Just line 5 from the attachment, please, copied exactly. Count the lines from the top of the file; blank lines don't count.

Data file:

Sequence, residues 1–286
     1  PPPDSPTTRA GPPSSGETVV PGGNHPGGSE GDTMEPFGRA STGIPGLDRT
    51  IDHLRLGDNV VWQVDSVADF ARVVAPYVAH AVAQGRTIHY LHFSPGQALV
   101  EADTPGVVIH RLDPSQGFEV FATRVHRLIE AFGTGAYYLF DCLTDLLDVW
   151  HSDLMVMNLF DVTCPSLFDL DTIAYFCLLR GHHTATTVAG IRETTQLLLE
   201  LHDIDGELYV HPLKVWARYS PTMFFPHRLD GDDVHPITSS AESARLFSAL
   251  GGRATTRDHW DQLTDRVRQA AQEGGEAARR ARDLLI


   151  HSDLMVMNLF DVTCPSLFDL DTIAYFCLLR GHHTATTVAG IRETTQLLLE